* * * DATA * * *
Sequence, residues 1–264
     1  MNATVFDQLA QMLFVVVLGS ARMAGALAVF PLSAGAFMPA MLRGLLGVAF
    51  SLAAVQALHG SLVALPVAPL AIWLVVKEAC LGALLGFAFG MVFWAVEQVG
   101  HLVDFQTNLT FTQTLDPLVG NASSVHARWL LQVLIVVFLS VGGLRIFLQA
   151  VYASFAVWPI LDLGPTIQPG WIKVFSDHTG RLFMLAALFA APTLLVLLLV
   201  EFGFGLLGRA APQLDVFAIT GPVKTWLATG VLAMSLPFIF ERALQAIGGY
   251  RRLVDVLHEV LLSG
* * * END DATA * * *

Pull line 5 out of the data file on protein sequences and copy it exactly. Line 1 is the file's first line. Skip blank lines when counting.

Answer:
   151  VYASFAVWPI LDLGPTIQPG WIKVFSDHTG RLFMLAALFA APTLLVLLLV